27 September 1997
News - Other (None)
X Prize Gala Full of Surprises
DC-X, Clementine Project Leaders Win Awards, Author Tom Clancy donates$100,000 to Foundation
by Sam Coniglio
The second annual X Prize Gala showed that more people are taking space tourism seriously. From the extensive media coverage to the famous new sponsors, Peter Diamandis' latest creation is gathering momentum with the public.

During the afternoon press conference, there was coverage from the local affiliates of ABC, NBC, CBS and FOX television networks. Discovery news channel was there, as well as Ad Astra, the magazine of the National Space Society. CNN was there preparing a special report on the X Prize, which will be aired in two weeks.

Dr. Peter Diamandas, co-founder and Chairman of the X Prize, explained his ambition: "Our goal is to open space to the public...Let's predict the future by making the future." The organization has raised $1.25 million from local support by the New Spirit of St. Louis Foundation. The Prize Foundation headquarters is in St. Louis, Missouri. It was here in the 1920's where the Orteig Aviation Prize inspired Charles Lindberg to build the airplane that would make the famous New York to Paris flight. Using that history as a backdrop, Dr. Diamandas hopes to inspire the city to once again sponsor pioneers, this time for space travel. "Space," says Dr. Diamandas, "has gotten boring. The public can't relate to it." He plans to make it exciting again.

At the gala, representatives of most of the sixteen prize contenders were introduced. They included:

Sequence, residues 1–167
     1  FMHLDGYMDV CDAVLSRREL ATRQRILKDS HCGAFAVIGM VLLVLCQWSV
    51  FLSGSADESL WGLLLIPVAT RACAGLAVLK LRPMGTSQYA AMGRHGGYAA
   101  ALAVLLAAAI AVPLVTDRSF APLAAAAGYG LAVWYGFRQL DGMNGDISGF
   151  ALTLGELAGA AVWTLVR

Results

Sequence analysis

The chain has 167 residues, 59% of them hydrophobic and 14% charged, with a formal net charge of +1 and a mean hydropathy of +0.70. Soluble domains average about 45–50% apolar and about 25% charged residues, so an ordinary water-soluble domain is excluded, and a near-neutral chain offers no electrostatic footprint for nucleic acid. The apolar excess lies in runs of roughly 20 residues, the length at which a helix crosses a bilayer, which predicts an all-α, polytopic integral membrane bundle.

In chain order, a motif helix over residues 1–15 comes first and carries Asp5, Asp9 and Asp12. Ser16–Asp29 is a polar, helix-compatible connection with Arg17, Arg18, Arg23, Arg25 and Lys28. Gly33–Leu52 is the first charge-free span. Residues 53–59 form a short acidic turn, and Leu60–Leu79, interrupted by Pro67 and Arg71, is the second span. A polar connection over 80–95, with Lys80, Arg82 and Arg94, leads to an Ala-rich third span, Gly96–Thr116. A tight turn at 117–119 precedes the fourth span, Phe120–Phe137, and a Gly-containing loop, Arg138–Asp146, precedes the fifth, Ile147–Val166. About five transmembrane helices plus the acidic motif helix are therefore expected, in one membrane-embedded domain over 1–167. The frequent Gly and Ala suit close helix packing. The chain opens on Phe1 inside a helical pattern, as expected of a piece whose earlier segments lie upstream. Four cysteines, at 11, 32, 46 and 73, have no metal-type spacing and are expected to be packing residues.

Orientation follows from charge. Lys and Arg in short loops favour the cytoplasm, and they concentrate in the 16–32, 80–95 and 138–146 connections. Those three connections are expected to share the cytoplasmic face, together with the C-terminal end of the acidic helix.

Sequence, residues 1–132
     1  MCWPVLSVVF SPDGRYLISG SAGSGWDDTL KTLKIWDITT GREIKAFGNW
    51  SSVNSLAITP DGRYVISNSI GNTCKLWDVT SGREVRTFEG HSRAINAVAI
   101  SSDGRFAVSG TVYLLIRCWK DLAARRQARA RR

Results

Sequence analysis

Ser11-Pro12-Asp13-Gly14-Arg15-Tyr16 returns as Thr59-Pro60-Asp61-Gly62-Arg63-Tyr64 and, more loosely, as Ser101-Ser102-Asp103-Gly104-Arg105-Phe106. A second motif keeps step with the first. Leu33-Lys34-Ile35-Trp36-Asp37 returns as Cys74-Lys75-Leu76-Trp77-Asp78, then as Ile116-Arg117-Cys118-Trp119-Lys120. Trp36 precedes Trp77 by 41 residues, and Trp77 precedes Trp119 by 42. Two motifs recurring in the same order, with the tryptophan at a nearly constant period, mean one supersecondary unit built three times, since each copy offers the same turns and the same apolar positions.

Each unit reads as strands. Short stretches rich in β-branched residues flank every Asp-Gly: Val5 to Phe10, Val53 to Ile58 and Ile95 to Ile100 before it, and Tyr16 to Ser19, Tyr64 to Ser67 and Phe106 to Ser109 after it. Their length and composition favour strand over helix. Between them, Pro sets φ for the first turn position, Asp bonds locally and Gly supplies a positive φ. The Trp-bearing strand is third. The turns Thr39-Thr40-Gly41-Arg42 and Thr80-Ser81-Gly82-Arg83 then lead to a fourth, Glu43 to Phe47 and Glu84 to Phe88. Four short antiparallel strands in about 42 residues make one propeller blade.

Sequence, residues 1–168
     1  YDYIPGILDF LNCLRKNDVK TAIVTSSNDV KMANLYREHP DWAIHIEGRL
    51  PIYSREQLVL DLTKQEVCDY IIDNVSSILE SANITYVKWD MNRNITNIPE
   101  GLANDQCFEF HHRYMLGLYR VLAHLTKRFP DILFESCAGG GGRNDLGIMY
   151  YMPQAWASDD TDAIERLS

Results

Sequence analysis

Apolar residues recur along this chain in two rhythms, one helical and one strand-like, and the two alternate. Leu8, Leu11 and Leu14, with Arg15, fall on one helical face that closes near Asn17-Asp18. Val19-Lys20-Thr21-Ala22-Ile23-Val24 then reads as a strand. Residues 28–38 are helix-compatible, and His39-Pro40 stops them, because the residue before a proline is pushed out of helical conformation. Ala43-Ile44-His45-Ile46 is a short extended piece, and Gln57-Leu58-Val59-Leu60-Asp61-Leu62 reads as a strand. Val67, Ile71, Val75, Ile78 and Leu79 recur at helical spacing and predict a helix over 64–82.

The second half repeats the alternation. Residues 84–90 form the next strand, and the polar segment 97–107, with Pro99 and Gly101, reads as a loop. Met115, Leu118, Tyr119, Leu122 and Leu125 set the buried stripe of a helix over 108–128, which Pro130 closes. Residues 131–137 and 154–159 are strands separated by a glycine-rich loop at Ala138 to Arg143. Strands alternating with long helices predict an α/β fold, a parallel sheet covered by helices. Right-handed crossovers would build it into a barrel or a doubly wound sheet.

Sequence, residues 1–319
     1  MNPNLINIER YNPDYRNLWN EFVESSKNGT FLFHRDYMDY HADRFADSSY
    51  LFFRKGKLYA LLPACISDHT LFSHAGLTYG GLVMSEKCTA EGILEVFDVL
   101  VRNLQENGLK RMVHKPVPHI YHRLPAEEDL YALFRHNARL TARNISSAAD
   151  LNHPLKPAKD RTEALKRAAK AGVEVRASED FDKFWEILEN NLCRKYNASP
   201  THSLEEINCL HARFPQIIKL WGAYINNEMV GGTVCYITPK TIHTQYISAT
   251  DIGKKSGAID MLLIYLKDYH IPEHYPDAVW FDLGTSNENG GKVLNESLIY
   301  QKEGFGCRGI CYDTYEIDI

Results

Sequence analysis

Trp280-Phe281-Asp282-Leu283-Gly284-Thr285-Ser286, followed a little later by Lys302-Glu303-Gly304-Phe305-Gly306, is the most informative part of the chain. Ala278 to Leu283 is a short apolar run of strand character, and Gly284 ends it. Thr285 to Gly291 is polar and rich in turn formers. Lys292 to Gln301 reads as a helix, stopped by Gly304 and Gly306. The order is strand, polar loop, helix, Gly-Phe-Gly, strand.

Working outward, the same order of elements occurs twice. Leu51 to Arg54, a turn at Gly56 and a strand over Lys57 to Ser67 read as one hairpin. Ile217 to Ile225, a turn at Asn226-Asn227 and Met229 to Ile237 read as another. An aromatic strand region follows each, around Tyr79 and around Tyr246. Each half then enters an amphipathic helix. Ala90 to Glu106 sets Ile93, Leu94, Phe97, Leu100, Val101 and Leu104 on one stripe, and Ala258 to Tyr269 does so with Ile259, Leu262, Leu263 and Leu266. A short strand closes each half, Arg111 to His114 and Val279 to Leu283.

Posters and exhibits from all the contenders were on display, and the
gala-goers asked many questions about the vehicles.

Two people were chosen for the X Prize Foundation's "New Spirit of St.
Louis Award" for outstanding contributions toward opening the space
frontier and bringing about commercial space flight. Colonel Simon P.
Worden of the United States Air Force is considered the architect of the "better, faster, cheaper" approach which was adopted by the US space program. He helped create and run the DC-X Delta Clipper program. Dr. Stewart Nozette is a senior scientist for spacecraft design at Hughes Space and Communication Company. He developed and ran the Clementine lunar probe project which mapped the moon, and may have discovered water there.

Dr. Diamandas gave a status report of the past year's activities. The X Prize established its home in St. Louis. It has begun gathering competitors. In a few days, it will begin a fund-raising campaign with help from Bob Weiss of Paramount Pictures.

Tom Clancy wowed the crowd. Famous for his techno-thriller novels such as "Hunt for the Red October," the author was very serious about his
commitment for commercial space. First, he donated $100,000 to the X
Prize. Then, he amazed everyone with a diatribe about "it is man's destiny to be in space." He renamed NASA "Not A Serious Agency," and wants them to stop supressing commercial space development. He used the analogy of the computer revolution, where it began with "two guys in a garage." For the space revolution, it will require a bigger garage.

The second annual X Prize gala had an impressive arrary of people in
attendance, from local civic leaders, astronauts and cosmonauts, potential investors, and people with a dream. Real money was being spent to promote space commercialization. For the first time, the American media was taking space tourism seriously. The X Prize's latest sponsor, author Tom Clancy, is very serious about commercial space and space tourism. Hopefully, his example will inspire others.
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Sam Coniglio 27 September 1997
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